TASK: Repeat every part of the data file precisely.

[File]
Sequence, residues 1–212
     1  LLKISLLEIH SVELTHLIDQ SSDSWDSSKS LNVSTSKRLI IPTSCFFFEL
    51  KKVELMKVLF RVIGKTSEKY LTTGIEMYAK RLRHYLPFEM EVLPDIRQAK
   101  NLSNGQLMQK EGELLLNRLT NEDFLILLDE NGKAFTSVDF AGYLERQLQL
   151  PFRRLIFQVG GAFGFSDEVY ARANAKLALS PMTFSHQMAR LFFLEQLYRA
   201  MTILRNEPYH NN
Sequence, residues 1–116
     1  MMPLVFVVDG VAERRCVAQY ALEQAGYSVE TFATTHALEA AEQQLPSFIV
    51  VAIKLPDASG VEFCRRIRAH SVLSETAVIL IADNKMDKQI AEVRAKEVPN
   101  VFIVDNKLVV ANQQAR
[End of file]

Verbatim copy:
Sequence, residues 1–212
     1  LLKISLLEIH SVELTHLIDQ SSDSWDSSKS LNVSTSKRLI IPTSCFFFEL
    51  KKVELMKVLF RVIGKTSEKY LTTGIEMYAK RLRHYLPFEM EVLPDIRQAK
   101  NLSNGQLMQK EGELLLNRLT NEDFLILLDE NGKAFTSVDF AGYLERQLQL
   151  PFRRLIFQVG GAFGFSDEVY ARANAKLALS PMTFSHQMAR LFFLEQLYRA
   201  MTILRNEPYH NN
Sequence, residues 1–116
     1  MMPLVFVVDG VAERRCVAQY ALEQAGYSVE TFATTHALEA AEQQLPSFIV
    51  VAIKLPDASG VEFCRRIRAH SVLSETAVIL IADNKMDKQI AEVRAKEVPN
   101  VFIVDNKLVV ANQQAR